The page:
Looney Tunes: Back in Action Hands-On Impressions
We check out the Looney Tunes game based on the upcoming movie.
Looney Tunes: Back in Action is the upcoming GameCube and PlayStation 2 game based on the upcoming movie of the same name. The third-person action game is being developed by UK developer Warthog and will star Bugs Bunny and Daffy Duck. The game's story will follow the plot of the upcoming motion picture, in which Bugs and Daffy are in a race against the evil Acme Corporation to find the blue monkey diamond.
The game will feature appearances by 22 Looney Tunes characters and take place in five major locations. The gameplay will feature a mix of standard platformer action, mission-based objectives, and puzzles. You'll be able to switch control between Daffy and Bugs over the course of the game as needed. Both characters will have unique abilities that make them better suited to tackle specific levels in the game. For example, Bugs is able to burrow into the ground, jump higher, and use costumes, so in one level, you'll be able to buy a hula girl costume to distract some security guards while you move on to a new area. Daffy is able to use costumes like Bugs, and he can also swim in the water, fly, and survive what EA refers to as "perils"--life-threatening hazards. While perils will usually eliminate Bugs immediately, Daffy is a bit more resilient and will merely be horribly disfigured for a brief time.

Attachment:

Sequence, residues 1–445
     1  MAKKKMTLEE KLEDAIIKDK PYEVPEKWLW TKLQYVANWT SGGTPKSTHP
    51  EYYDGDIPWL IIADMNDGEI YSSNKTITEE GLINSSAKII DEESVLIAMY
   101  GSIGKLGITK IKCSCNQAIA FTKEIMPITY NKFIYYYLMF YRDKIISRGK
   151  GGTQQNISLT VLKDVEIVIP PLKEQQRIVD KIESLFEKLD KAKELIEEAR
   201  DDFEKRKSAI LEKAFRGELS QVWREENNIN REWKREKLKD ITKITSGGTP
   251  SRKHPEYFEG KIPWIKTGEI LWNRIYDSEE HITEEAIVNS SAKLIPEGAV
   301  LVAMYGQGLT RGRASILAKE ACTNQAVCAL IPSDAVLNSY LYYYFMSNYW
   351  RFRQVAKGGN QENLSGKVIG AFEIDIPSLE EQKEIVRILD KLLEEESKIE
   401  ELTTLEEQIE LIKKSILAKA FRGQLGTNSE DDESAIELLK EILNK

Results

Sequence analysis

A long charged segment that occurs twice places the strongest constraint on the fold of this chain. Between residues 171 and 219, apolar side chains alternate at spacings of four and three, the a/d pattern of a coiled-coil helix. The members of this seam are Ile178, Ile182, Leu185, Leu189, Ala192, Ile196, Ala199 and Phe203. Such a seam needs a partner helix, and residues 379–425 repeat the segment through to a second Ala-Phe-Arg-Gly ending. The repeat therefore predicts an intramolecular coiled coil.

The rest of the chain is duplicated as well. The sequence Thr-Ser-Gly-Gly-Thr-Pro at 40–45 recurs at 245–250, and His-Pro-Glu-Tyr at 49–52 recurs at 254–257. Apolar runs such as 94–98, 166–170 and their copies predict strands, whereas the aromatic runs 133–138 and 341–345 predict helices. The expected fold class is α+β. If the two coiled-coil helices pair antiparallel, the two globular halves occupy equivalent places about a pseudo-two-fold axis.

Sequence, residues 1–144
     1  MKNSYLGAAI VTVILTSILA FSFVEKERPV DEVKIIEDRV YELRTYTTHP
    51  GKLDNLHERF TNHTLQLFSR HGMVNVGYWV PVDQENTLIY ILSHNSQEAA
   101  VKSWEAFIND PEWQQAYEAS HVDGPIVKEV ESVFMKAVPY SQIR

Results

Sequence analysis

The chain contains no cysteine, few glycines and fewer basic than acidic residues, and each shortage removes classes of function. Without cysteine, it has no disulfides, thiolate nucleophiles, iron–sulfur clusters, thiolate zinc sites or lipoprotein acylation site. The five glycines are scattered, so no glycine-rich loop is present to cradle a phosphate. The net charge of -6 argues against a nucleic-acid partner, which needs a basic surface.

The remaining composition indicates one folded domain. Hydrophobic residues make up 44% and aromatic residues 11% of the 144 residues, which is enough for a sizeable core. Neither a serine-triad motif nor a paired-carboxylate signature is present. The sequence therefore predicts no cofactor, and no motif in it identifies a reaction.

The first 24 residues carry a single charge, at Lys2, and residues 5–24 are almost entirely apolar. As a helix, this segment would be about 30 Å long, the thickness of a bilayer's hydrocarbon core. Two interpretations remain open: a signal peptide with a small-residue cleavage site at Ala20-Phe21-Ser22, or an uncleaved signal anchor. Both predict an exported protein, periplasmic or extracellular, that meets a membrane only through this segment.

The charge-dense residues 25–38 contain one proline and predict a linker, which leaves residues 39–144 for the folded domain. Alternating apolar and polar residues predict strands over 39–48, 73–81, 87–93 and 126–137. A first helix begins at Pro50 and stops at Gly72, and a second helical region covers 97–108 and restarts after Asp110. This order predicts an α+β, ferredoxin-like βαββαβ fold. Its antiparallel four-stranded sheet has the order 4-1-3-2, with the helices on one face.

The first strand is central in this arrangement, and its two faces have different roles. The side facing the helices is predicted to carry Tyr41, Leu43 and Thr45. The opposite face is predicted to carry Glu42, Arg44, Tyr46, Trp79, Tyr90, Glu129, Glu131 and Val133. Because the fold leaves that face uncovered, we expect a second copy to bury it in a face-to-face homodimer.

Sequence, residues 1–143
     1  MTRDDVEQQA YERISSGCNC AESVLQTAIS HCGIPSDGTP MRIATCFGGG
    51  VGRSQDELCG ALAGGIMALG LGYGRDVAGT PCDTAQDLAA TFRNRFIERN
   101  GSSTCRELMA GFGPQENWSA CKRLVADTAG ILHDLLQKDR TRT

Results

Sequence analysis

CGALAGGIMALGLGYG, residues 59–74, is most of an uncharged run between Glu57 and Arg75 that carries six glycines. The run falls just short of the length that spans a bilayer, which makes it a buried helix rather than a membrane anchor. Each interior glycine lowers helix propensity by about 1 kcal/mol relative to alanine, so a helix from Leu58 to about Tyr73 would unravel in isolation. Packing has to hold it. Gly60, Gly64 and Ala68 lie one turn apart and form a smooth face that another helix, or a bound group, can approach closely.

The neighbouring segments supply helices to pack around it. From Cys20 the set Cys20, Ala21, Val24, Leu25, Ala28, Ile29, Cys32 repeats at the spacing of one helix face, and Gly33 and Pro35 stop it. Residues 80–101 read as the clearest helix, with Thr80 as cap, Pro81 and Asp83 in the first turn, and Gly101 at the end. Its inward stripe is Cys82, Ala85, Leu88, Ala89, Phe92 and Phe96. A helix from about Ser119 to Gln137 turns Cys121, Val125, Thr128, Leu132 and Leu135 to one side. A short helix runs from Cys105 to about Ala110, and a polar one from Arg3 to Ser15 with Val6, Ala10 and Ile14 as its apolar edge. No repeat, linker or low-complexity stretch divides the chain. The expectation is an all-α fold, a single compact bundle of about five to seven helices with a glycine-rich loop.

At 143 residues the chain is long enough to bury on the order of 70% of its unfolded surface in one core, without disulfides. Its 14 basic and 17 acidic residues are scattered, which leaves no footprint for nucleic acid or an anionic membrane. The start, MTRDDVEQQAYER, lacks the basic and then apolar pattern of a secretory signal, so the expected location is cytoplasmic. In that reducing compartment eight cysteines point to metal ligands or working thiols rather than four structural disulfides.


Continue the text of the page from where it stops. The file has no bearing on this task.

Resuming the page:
The game itself seems quite easy to pick up, and it should be appealing to younger players. In the jungle level we played, we were required to free the Looney Tunes characters who had been captured by natives and placed above cauldrons before an onscreen timer ran out. The enemies in the level consisted of natives wearing enormous tribal masks.
The graphics in the game are simple and clean, and they feature a good amount of cartoonlike detail. Bugs and Daffy look good and are animated well. Most of the enemies seem a bit generic, but fortunately you'll also meet up with famous villains like Wile E. Coyote, the Tasmanian Devil, and Yosemite Sam. Of the two versions on display, the GameCube version seemed to have a more stable frame rate and richer colors, though both versions looked good enough.
The audio in the game seems quite good, since the game features voice work provided by the same actors who appeared in the film. Back in Action will contain roughly 10,000 lines of dialogue for the assembled Looney Tunes, which should lend the game quite a bit of personality.
So far, Looney Tunes: Back in Action is shaping up to be a solid but simple platformer that should be fine for kids and Looney Tunes fans. The game is currently scheduled to ship this fall.
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